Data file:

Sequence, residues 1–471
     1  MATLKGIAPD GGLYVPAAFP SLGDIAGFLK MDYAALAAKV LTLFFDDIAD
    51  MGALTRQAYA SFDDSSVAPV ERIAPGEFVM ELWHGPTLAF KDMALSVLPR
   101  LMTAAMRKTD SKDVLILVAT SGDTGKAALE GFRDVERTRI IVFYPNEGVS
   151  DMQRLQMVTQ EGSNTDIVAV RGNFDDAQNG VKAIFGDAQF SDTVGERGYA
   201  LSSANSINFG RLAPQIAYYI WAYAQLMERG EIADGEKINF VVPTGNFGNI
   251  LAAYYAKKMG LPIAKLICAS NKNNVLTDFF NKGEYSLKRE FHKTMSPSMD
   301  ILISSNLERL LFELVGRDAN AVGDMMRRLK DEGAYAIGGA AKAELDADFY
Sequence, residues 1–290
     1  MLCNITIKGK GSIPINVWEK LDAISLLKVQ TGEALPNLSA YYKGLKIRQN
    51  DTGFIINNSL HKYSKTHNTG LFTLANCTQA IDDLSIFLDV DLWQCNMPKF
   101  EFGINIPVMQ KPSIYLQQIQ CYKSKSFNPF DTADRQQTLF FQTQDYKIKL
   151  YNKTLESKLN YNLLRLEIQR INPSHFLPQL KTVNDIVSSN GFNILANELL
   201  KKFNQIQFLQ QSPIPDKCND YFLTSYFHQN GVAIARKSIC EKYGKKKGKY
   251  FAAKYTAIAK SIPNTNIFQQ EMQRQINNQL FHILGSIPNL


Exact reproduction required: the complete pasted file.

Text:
Sequence, residues 1–471
     1  MATLKGIAPD GGLYVPAAFP SLGDIAGFLK MDYAALAAKV LTLFFDDIAD
    51  MGALTRQAYA SFDDSSVAPV ERIAPGEFVM ELWHGPTLAF KDMALSVLPR
   101  LMTAAMRKTD SKDVLILVAT SGDTGKAALE GFRDVERTRI IVFYPNEGVS
   151  DMQRLQMVTQ EGSNTDIVAV RGNFDDAQNG VKAIFGDAQF SDTVGERGYA
   201  LSSANSINFG RLAPQIAYYI WAYAQLMERG EIADGEKINF VVPTGNFGNI
   251  LAAYYAKKMG LPIAKLICAS NKNNVLTDFF NKGEYSLKRE FHKTMSPSMD
   301  ILISSNLERL LFELVGRDAN AVGDMMRRLK DEGAYAIGGA AKAELDADFY
Sequence, residues 1–290
     1  MLCNITIKGK GSIPINVWEK LDAISLLKVQ TGEALPNLSA YYKGLKIRQN
    51  DTGFIINNSL HKYSKTHNTG LFTLANCTQA IDDLSIFLDV DLWQCNMPKF
   101  EFGINIPVMQ KPSIYLQQIQ CYKSKSFNPF DTADRQQTLF FQTQDYKIKL
   151  YNKTLESKLN YNLLRLEIQR INPSHFLPQL KTVNDIVSSN GFNILANELL
   201  KKFNQIQFLQ QSPIPDKCND YFLTSYFHQN GVAIARKSIC EKYGKKKGKY
   251  FAAKYTAIAK SIPNTNIFQQ EMQRQINNQL FHILGSIPNL